Business lobbyists in California claim proposed worker safety rules for heat illness prevention are on too fast a track. They might think differently if they set up their desk in a warehouse or laundry without air conditioning.
Two global unions, four labor rights organizations and 23 apparel brands and retailers agreed in late June to extend the ground-breaking Bangladesh Accord on Fire and Building Safety that has led to safer working conditions for 4 million garment workers. The legally-binding agreement came about following the 2013 Rana Plaza building collapse that killed 1,138 workers in Dhaka.
Remember in the bad old days before the ACA, when those who bought individual plans on the private market faced unpleasant surprises – like finding at out a very inopportune time that their plans didn’t cover hospitalization or maternity...Show More Summary
In 2011, Texas legislators slashed the state’s family planning budget by 67 percent. The justification? To reduce abortions by defunding clinics associated with an abortion provider (read: Planned Parenthood). Now, it turns out Texas...Show More Summary
Remarks about safety for cyclists at the Tour de France has a familiar ring to conversations about workplace safety.
Uber's new insurance plan won't do much to protect its injured workers; investigation finds 1,000 additional black lung cases in Appalachia; Washington state welcomes a new paid family leave law; and St. Louis workers face a pay cut after state legislators overturn the city's minimum wage hike.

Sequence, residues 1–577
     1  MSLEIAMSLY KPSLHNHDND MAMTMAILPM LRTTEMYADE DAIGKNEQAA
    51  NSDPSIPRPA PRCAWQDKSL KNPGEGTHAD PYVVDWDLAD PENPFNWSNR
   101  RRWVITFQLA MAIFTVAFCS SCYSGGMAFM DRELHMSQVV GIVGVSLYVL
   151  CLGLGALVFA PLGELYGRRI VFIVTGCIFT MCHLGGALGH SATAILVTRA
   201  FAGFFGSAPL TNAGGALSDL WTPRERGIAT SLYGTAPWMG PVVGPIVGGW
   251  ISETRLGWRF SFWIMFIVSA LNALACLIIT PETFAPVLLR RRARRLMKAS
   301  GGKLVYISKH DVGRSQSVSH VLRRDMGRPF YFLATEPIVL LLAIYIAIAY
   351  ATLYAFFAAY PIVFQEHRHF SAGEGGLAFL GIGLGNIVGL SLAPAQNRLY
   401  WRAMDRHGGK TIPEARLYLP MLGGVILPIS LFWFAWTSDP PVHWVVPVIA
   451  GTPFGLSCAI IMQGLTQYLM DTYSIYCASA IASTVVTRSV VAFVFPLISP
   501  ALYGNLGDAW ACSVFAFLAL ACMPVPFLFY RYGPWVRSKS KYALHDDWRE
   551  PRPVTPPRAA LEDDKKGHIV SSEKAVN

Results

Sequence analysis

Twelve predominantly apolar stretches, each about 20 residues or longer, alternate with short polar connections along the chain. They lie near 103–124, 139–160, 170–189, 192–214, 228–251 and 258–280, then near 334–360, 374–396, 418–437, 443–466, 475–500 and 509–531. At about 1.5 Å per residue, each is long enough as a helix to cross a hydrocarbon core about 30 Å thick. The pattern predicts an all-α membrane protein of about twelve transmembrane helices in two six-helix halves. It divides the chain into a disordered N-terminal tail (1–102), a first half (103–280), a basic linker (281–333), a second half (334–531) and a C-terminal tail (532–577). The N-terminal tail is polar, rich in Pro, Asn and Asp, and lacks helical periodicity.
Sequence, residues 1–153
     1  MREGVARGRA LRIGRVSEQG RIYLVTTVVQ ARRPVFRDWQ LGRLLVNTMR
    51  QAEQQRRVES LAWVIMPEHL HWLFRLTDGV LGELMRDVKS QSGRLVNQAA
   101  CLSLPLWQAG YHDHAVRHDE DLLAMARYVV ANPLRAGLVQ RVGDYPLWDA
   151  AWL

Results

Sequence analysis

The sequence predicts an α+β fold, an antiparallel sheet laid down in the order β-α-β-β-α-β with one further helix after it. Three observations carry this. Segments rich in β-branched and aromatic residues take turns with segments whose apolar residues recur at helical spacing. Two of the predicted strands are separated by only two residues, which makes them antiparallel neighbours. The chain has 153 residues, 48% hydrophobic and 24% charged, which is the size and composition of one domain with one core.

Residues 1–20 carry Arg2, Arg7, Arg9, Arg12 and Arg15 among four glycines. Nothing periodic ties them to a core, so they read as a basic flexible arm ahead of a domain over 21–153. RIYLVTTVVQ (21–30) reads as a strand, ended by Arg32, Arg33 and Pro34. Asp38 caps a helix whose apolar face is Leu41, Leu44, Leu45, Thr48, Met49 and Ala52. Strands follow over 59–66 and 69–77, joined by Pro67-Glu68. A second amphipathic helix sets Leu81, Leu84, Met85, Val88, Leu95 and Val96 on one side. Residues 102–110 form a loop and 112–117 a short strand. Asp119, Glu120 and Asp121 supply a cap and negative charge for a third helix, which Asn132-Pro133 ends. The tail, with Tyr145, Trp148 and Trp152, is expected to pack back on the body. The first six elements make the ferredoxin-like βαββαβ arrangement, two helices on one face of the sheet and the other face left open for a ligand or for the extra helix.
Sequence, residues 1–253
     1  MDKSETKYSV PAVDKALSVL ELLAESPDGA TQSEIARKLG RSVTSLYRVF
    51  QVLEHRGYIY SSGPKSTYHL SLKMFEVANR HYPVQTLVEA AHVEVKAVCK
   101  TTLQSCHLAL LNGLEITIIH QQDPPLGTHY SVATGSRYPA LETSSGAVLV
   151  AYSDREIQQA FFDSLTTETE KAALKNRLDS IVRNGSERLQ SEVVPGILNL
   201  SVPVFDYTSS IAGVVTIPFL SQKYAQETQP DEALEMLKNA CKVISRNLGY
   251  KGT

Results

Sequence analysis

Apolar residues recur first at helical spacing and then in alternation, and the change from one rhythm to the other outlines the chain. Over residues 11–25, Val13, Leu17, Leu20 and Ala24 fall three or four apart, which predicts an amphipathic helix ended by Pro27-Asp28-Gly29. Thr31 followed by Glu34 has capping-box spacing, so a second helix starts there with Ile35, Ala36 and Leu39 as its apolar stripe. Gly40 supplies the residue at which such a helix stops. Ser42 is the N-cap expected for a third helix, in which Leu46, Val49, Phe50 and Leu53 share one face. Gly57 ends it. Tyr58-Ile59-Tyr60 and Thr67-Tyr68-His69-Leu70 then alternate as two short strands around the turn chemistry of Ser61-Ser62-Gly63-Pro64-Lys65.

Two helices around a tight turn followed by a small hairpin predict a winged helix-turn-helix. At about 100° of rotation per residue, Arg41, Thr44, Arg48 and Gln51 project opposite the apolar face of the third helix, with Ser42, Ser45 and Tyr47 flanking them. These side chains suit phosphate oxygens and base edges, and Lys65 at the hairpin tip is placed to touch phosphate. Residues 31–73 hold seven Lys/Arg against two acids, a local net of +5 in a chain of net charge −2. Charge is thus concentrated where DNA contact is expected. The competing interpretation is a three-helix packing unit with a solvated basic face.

Dozens of safety inspector positions in California are vacant while workplace fatalities and injuries in the state are on the rise. Cal/OSHA has had an average of 34 vacant field enforcement positions a month since July 2015, which means that more than $10 million in state-authorized funding was left unused.
Both the Senate BCRA and the Freedom Caucus budget proposal aim to cut spending on crucial assistance programs while granting large tax breaks that disproportionately benefit the wealthy.
I started my post yesterday with my version of the famous quote from the film Casablanca: “I’m shocked, shocked to find an epidemic of black lung disease.” It was my reaction to the latest story by NPR’s Howard Berkes about nearly 2,000 recently diagnosed cases of the most severe form of black lung disease. They’ve been diagnosed over…
Like Capt. Louis Renault in the film Casablanca, I could declare "I'm shocked, shocked to learn about the epidemic of black lung disease in the U.S."
The Congressional Budget Office’s initial score of the Senate’s “Better Care Reconciliation Act” calculated that 22 million people, 15 million of them Medicaid beneficiaries, would lose health insurance by 2026. For Medicaid recipients, though, the picture worsens steadily after that ten-year window, due to per-capita caps on how much the federal government would contribute.